2023, June 14: Lovely Jupiter-Moon Conjunction


June 14, 2023: The thin crescent moon joins Jupiter in a beautiful conjunction before sunrise.  Brilliant Venus continues to gleam in western evening sky.

2020, July 17: The moon appears 3.3° to the left of Venus. Aldebaran is 3.2° to the upper right of Venus.


by Jeffrey L. Hunt

Chicago, Illinois:  Sunrise, 5:15 a.m. CDT; Sunset, 8:27 p.m. CDT.  Check local sources for sunrise and sunset times for your location.  Times are calculated by the U.S. Naval Observatory’s MICA computer program.

Summaries of Current Sky Events


Here is today’s planet forecast:

Morning Sky

Chart Caption – 2023, June 14: Jupiter and the crescent moon are in the eastern sky an hour before sunrise.

A thin crescent moon, 14% illuminated, and Jupiter make a lovely pair in the morning sky.  One hour before sunup the thin moon is 2.6° to the left of Jupiter.  Look for them about 15° up in the east at one hour before daybreak.

Find a clear view toward the eastern horizon.  A view from a hilltop or elevated structure provides views across any obstacles.

Photo Caption – Venus and the crescent moon. Notice the “earthshine” on the night portion of the moon.

Earthshine, sunlight reflected from Earth’s features, gently illuminates the lunar night. 

Chart Caption – 2023, June 14: Look for earthshine on the moon through a binocular.

The sight is amplified through a binocular.  Depending on the quality of the binocular and your ability to hold it steady, one or two of Jupiter’s moons is visible.

Jupiter is slowly moving eastward against Aries.  The Jovian Giant is 11.2° to the lower right of Hamal, the constellation’s brightest star.

Chart Caption – 2023, June 14: Saturn is in the south-southeast during morning twilight.

At this hour, Saturn is in the south-southeast, over 30° above the horizon.  It moves slowly eastward against Aquarius’ distant, dim stars.  The Ringed Wonder is about 20° to the upper left of Fomalhaut, the mouth of the southern fish.  Deneb Kaitos, the tail of Cetus, is low in the east-southeast.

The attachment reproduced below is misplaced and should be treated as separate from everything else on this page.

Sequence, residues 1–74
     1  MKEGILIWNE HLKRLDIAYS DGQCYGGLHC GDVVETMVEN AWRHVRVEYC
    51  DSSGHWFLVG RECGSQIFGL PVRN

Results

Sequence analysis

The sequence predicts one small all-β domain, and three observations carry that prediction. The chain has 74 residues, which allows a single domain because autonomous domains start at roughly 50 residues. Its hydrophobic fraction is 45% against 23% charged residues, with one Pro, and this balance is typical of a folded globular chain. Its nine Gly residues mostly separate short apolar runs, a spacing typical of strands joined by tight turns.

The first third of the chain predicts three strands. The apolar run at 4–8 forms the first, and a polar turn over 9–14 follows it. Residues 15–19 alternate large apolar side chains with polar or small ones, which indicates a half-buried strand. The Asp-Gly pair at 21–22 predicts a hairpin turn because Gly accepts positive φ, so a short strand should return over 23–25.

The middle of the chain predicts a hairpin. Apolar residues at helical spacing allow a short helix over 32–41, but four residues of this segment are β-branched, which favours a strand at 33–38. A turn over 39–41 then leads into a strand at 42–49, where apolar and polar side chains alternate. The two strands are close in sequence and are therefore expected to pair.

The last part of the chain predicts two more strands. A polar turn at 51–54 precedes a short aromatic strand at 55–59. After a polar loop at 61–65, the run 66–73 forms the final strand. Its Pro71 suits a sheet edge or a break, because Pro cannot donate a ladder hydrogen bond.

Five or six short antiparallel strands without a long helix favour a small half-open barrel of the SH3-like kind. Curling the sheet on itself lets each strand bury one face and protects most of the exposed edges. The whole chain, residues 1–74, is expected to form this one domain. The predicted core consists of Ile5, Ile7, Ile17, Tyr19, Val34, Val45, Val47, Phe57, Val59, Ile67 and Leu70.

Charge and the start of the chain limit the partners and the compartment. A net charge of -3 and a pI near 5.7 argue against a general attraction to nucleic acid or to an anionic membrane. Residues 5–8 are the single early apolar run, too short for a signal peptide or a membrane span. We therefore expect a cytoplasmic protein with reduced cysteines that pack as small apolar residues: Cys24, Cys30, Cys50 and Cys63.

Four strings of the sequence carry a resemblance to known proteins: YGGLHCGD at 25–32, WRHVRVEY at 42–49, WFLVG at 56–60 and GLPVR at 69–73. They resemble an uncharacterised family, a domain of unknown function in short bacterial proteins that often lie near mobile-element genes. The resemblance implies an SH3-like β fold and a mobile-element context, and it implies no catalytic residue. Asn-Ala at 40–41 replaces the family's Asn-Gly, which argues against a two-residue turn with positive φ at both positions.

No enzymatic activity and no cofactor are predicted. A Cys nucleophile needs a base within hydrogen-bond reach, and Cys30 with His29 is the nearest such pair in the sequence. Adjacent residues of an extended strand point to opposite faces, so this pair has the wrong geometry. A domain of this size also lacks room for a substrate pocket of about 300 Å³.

Chart Caption – 2023, June 14: Retreating Mercury is low in the east-northeast at 30 minutes before sunrise.

Mercury is quickly retreating into brighter morning twilight.  The moon is visible with it through a binocular in two mornings.  The speedy planet is bright but washed out by the impending sunrise. A binocular is needed to locate it. Can you find Jupiter and the lunar crescent at this hour?  It is less than 5° above the east-northeast horizon at 30 minutes before sunrise.

Evening Sky

Chart Caption – 2023, June 14: Venus and Mars are in the western sky after sundown.

Brilliant Venus gleams from the west after sundown.  It can be simply described as “that bright star” in the west.  The planet steps eastward in front of Cancer’s dim stars, 6.1° to the lower right of dimmer Mars.

Mars, about the brightness of Castor, a Gemini Twin, marches eastward slower than Venus, and the gap between the planets shrinks each night.

Chart Caption – 2023, June 14: Through a binocular, Venus is above the Beehive star cluster.

Through a binocular Venus is 1.5° to the upper right of the Beehive cluster, also known as the Praesepe or manger.  The Evening Star appears above an imaginary line that starts at Asellus Australis and extends to Asellus Borealis.  The two stars are celestial donkeys eating from the manger.

The Venus-Mars gap continues to close each night.  Watch the planetary pursuit stall as Venus does not pass the Red Planet.



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